Having A Blast At The Purim Parade

18 Mar

Purim Parade

click image for more photos from the parade and the school


Today I attended a Purim parade organized by the Bialik-Rogozin school of Tel Aviv. The school has recently won acclaim as the subject of the Oscar-winning documentary film, Strangers No More. The school’s students are disadvantaged children from various countries, many of whom have escaped the horrors of war and poverty. I was one of several attendees representing the U.S. Embassy in Tel Aviv. Our visit began with a short tour of the school where I was impressed by the facilities and resources available to the students. Shortly after our tour the parade began as the students, dressed in a variety of costumes, marched from the front steps of the school bearing signs that proclaimed the parade’s theme “Success Has Many Faces”.

I should explain that Purim is a Jewish holiday based on the Book of Esther in which the Jews living in ancient Persia are saved from annihilation. The celebration of Purim includes readings of the Book of Esther, feasting, giving of gifts to the poor and to one’s friends and wearing of masks and costumes. I believe the costume-wearing is a relatively new addition to the celebration and has grown to include parades such as the one I witnessed today.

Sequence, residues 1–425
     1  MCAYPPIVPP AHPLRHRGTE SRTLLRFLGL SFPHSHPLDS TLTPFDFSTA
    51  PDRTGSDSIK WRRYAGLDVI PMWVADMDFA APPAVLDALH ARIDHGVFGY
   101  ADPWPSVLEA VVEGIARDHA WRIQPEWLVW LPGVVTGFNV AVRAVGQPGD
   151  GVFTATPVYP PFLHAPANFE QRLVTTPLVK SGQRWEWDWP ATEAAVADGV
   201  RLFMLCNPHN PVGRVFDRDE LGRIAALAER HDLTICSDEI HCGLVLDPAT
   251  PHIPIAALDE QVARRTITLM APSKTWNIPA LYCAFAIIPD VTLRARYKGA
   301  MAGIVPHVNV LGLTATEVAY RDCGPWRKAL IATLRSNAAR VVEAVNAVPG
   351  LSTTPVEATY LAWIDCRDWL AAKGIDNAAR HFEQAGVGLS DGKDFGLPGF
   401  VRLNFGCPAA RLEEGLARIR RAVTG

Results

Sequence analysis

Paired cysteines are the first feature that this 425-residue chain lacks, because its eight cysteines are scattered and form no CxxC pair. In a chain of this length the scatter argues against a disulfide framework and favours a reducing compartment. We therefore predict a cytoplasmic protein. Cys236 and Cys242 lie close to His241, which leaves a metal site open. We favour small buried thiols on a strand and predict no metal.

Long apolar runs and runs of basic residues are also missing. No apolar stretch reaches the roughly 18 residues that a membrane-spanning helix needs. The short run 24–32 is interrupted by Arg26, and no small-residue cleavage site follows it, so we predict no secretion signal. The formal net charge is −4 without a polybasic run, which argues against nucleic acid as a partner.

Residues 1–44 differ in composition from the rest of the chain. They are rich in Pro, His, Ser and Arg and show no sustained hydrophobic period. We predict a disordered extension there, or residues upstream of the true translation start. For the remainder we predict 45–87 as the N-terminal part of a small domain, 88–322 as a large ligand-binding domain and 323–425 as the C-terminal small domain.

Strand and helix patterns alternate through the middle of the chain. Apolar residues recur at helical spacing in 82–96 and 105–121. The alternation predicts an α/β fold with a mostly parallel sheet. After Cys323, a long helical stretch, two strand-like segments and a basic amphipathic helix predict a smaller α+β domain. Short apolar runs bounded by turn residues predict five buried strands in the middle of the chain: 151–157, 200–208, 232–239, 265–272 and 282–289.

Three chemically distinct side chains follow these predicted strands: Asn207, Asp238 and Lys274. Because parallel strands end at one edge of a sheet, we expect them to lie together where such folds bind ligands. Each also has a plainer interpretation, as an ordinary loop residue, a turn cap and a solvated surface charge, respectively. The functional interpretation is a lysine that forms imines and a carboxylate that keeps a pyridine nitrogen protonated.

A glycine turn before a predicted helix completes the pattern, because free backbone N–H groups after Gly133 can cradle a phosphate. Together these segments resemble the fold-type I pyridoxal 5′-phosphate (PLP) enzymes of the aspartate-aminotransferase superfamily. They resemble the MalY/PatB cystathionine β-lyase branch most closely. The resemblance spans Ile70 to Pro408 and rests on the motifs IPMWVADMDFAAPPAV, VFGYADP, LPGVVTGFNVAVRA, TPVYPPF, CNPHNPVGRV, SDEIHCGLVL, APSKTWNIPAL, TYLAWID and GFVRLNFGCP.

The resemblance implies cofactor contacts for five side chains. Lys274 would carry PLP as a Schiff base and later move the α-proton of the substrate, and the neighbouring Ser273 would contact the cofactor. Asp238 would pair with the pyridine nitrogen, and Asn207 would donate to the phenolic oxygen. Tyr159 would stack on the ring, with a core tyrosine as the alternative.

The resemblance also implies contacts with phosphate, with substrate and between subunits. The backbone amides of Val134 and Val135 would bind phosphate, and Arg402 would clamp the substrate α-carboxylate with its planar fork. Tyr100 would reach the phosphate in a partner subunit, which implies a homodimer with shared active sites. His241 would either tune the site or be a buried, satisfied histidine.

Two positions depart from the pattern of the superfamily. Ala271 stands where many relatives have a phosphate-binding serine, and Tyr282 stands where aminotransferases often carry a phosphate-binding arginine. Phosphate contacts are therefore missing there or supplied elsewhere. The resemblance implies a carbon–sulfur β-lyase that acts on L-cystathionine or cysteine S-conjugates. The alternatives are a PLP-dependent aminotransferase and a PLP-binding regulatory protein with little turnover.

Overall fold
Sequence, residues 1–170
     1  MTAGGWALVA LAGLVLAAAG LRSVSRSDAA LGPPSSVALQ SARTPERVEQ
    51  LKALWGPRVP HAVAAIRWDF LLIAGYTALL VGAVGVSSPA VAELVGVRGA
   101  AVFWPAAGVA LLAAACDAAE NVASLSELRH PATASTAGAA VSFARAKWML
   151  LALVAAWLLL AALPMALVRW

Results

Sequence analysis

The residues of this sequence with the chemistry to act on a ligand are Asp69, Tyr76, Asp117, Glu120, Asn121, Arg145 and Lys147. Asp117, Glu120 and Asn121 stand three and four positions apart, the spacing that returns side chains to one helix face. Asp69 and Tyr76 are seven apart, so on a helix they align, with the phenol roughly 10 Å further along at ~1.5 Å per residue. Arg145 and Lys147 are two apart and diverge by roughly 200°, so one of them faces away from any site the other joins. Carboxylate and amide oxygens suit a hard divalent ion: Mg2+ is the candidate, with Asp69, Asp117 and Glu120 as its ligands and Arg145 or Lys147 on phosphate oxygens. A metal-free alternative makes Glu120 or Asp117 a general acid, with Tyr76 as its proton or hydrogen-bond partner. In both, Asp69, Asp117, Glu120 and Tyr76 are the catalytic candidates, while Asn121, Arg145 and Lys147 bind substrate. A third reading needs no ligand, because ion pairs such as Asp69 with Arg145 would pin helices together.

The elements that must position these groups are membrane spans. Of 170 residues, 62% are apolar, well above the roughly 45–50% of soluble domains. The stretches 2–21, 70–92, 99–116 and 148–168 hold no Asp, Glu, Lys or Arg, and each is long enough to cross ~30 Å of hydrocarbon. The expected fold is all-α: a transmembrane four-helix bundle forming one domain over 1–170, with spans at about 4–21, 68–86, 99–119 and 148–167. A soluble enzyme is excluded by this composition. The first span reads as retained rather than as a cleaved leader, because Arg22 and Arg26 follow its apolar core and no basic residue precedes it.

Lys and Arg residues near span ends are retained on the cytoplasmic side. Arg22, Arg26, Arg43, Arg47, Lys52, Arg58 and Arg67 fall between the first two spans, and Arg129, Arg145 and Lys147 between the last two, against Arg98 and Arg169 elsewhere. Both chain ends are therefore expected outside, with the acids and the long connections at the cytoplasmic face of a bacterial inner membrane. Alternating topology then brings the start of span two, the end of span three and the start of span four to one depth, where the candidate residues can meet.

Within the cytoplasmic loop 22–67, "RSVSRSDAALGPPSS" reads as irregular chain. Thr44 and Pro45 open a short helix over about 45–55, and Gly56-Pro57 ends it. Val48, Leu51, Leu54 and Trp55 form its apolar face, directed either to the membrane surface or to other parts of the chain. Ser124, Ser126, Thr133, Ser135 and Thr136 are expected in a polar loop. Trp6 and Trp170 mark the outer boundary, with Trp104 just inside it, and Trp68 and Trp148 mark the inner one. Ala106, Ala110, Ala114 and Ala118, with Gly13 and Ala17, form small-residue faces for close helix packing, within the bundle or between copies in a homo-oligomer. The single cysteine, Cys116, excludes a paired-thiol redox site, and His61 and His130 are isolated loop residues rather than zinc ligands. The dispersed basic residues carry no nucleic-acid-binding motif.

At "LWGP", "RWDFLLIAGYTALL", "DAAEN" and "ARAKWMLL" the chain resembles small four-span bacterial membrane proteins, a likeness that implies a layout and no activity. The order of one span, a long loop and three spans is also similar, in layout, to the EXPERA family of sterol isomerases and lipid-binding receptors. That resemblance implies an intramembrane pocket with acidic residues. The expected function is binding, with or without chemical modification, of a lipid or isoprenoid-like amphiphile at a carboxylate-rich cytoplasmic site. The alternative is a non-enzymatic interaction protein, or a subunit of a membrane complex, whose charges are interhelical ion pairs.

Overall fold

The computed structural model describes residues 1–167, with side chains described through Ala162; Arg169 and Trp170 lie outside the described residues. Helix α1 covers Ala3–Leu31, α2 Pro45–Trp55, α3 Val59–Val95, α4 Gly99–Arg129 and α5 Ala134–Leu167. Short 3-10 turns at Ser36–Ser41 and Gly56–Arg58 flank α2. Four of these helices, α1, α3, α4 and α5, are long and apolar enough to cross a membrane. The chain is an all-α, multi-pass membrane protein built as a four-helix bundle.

It was a thrill to experience the exuberance of the event. The costumes, worn by children and adults alike, were imaginative and fun. Music was blaring from speakers at nearly every corner of the parade route. Now and then blasts of confetti were launched in the air. Impromptu street performances broke out. The mayor of Tel Aviv, decked out in top hat and tux, was in attendance, interacting with parade participants.

I couldn’t help but think that somewhere along the line the Purim festival is related to Mardi Gras, Fasching and Carnevale. All festivals take place around the same time of year and all include parades and costumed revelers. Next year, perhaps, I’ll wear my own costume for the parade.


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